Nick Pivetta spent 17 minutes on the mound Sunday in the first inning. The first Cubs hitter reached on a Tommy Joseph error. The bases were loaded on Pivetta's 11th pitch. He needed 38 pitches to record the game's first three outs. The Cubs scored three runs.
It looked much like his previous start, which lasted all of 1 1/3 innings.
"He didn't feel sorry for himself," Phillies manager Pete Mackanin said. "He goes out there and he competes."
That is one step in the maturation of Pivetta, a 24-year-old pitcher who has a considerable amount of development to make. The Phillies won, 6-3, and Pivetta (5-9) wiggled through five innings. The bullpen needed it.
So did Pivetta.
"I felt like I really needed to step up here," he said. "It's really, really nice just to go out there after how hard I've been working the past couple weeks, with what's happened the past month, to go out there and really just have a quality outing."
The right-hander's ERA is 6.57 in 20 starts. He walked four batters for the first time since July 2. His day should have been worse, if not for a miraculous triple play to erase a fifth-inning threat.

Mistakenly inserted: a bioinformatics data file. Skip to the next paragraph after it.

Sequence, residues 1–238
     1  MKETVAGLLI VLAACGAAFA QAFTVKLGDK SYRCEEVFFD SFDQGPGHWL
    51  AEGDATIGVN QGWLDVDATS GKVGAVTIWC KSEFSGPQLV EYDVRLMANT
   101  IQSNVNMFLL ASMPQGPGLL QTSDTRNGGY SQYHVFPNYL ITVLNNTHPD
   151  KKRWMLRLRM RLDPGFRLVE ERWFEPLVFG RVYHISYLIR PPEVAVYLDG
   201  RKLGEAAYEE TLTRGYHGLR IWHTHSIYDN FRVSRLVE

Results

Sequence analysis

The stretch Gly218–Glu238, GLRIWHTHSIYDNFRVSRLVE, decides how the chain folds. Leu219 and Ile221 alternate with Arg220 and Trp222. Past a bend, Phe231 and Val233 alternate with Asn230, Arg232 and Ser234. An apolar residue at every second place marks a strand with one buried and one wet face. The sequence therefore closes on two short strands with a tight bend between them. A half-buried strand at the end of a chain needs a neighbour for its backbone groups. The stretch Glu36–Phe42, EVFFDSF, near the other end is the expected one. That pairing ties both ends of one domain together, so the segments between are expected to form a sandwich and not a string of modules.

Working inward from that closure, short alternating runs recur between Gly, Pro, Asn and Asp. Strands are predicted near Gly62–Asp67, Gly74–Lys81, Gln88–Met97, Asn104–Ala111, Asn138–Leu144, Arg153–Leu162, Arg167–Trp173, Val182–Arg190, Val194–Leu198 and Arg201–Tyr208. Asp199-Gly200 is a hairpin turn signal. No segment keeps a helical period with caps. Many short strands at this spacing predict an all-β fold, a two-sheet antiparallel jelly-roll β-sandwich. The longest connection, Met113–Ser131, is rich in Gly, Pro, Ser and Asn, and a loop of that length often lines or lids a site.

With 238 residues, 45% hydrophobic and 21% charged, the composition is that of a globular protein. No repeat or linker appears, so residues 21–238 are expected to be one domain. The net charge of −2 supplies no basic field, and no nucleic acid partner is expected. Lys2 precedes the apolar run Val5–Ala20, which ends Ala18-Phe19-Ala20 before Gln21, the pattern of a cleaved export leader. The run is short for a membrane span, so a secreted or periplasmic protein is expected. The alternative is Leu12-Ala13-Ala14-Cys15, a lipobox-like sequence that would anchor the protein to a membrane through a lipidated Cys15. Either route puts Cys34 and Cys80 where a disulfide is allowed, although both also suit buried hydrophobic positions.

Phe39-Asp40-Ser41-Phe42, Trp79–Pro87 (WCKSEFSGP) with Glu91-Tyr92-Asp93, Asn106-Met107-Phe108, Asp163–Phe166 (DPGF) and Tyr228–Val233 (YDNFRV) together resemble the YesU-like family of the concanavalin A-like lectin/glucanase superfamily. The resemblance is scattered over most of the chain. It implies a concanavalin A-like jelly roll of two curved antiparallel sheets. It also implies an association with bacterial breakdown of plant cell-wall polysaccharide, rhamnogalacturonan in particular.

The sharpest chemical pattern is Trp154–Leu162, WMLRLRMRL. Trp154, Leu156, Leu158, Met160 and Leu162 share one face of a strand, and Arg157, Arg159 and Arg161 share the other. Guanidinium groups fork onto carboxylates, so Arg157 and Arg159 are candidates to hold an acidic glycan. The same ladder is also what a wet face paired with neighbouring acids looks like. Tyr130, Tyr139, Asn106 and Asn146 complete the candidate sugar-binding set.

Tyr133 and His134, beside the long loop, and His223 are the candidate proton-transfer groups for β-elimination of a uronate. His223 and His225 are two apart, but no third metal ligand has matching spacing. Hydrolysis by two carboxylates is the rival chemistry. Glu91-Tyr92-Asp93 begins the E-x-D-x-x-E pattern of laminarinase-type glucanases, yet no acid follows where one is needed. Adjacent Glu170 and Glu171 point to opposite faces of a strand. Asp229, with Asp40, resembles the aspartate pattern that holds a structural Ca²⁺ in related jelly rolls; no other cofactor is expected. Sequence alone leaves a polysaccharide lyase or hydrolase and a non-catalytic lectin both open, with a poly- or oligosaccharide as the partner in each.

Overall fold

"I can't believe that happened," Pivetta said. "If there's one way I was getting out of that inning, that's what was going to happen. Sometimes the baseball gods are just in your favor, and that's the way it goes."
If the situation was different, the Phillies would have Pivetta continue his development in the minors. But this team is dedicated to learning more about its young players for the final five weeks.
"He found himself on the mound," catcher Cameron Rupp said. "He didn't do more than he could do. He made pitches when he needed to."
Against a team that drubbed them for 17 runs the night before, the Phillies will take that. Their hope is, in five days, Pivetta applies it from the very beginning.